Object: Tïvaevae ta’örei (patch work quilt)
This image has All Rights Reserved.
Please follow the Buy or license link under each image to apply to use this image. (Charges may apply)
Why you need to apply for the use of this image
Rights for this work may be:
- controlled by the artist, the artist's estate, or other rights holders; or
- unclear - Te Papa will do a more detailed analysis of the work’s rights history; or
- covered by Te Papa’s Mana Taonga principle which supports the rights of holders of traditional knowledge to determine how the image may be used.
You need to make sure you don’t infringe on the rights of third parties before you use this image. Our image request process helps with this. Te Papa does not authorise the use of this image beyond the uses allowed by the “fair dealing” provisions of the New Zealand Copyright Act, 1994.
More information about copyright
We recommend these resources for more information:
- Copyright in NZ - Ministry of Economic Development
- Copyright guidelines and resource - Lianza
- Enabling use and re-use - Digital NZ
Find more information about Te Papa's rights project on our blog, including how rights types are assigned.
Get in touch
Please contact email@example.com
- if you have any information regarding this work and rights to it, or
- if you wish to contact the rights holder for this work. We will assist where we can.
|Title||Tïvaevae ta’örei (patch work quilt)|
Teme Maru Craft Group, circa 2005, Cook Islands
|Classification||quilts, ceremonial objects|
x 2000mm (Length)
x 1880mm (Width/Depth)
|Credit line||Purchased 2005|
Tïvaevae - Treasured quilts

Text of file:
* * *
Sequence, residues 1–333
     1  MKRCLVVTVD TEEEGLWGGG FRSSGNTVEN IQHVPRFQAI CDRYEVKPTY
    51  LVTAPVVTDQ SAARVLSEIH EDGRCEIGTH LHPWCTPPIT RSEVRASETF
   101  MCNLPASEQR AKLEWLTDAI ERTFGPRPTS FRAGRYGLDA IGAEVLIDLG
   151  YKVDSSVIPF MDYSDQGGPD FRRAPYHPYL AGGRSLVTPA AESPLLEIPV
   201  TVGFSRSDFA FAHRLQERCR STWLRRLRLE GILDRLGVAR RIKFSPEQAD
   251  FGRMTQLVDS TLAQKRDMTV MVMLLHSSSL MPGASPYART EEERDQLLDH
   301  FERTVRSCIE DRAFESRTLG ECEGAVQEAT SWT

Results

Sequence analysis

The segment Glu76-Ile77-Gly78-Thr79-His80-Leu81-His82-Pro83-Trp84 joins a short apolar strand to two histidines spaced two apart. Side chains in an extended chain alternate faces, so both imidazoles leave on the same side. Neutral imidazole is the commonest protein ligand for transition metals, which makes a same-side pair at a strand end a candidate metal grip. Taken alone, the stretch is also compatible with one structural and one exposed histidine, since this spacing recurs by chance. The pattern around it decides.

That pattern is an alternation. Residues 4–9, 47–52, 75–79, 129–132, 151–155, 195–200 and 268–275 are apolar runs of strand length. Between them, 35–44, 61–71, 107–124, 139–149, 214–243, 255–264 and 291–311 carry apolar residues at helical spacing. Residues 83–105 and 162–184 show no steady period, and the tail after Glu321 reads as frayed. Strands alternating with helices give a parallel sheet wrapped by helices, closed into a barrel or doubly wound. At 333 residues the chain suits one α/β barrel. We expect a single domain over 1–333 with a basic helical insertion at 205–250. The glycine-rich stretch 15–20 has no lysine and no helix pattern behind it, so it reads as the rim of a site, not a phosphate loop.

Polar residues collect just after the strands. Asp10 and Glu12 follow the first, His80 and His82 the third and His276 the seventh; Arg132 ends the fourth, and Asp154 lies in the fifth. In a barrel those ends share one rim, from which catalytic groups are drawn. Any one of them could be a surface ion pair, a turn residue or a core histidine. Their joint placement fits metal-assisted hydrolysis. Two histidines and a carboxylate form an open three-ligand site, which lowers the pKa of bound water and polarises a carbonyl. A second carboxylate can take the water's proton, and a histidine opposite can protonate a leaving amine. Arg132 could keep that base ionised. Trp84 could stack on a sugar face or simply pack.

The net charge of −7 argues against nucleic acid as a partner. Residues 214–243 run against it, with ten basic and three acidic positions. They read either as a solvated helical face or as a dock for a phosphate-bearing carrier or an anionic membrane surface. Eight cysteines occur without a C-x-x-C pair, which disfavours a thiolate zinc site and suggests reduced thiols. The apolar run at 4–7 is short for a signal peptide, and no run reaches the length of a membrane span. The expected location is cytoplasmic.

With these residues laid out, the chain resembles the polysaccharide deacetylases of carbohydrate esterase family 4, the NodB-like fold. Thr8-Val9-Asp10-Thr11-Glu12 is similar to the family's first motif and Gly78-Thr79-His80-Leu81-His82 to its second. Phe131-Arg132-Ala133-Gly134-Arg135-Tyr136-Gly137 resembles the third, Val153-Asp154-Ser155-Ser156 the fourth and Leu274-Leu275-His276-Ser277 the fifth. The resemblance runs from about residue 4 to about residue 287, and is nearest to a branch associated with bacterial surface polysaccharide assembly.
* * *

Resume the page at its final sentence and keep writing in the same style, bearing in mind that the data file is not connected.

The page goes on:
Tïvaevae are treasured quilts made by women in the Cook Islands. Tïvaevae are made from brightly coloured fabrics, and designs can include geometric shapes, flower and animal designs - though animal or bird shapes are considered unlucky on a bedspread. While tïvaevae serve a practical purpose, they are used as decorations and, more importantly, presented as gifts at important occasions such as weddings, funerals, pakoti'anga rauru (boy's haircutting ceremonies), receptions for church ministers and, among New Zealand Cook Islanders, 21st birthday parties, gifts to VIPs and dearly loved people in the family and the community.
Tïvaevae are believed to have been introduced to the Cook Islands by the wives of early European missionaries, who taught quilting and needlework. It is thought that patchwork quilts came first, and appliqué and embroidered quilts later. It did not take long for this imported art form to take on a uniquely Cook Island appearance, with bright, vibrant tivaevae motifs such as flowers and plants reflecting the natural environment of the Cook Islands.
When making tïvaevae, while some women work alone, many work together to sew their quilts in women's groups called va'ine tini, which meet to share ideas and sing as they work. They are similar to the Tongan koka'anga and other women's work parties found throughout the Pacific Islands. There are four main kinds of tïvaevae. Tivaevae ta'orei (patchwork), have a large number of small patches sewn together to form a pattern. Tïvaevae manu (appliqué) and Tïvaevae tataura (embroidered appliqué), have designs sewn to a backing cloth. Tïvaevae tuiauri are sewn on the sewing machine.
This tïvaevae ta’örei (patch work quilt) was acquired through Ta'i Ngaata a member of the Teme Maru Craft Group, in Rarotonga, Cook Islands around 2005.
Disclaimer: This information was created from historic documentation, and may not necessarily reflect the best available knowledge about the item. Some collection images are created for identification purposes only and may not be of reproduction quality. Some images are not available due to copyright restrictions. If you have information or questions about objects in the collection, contact us using our enquiry form. You can also find out more about Collections Online.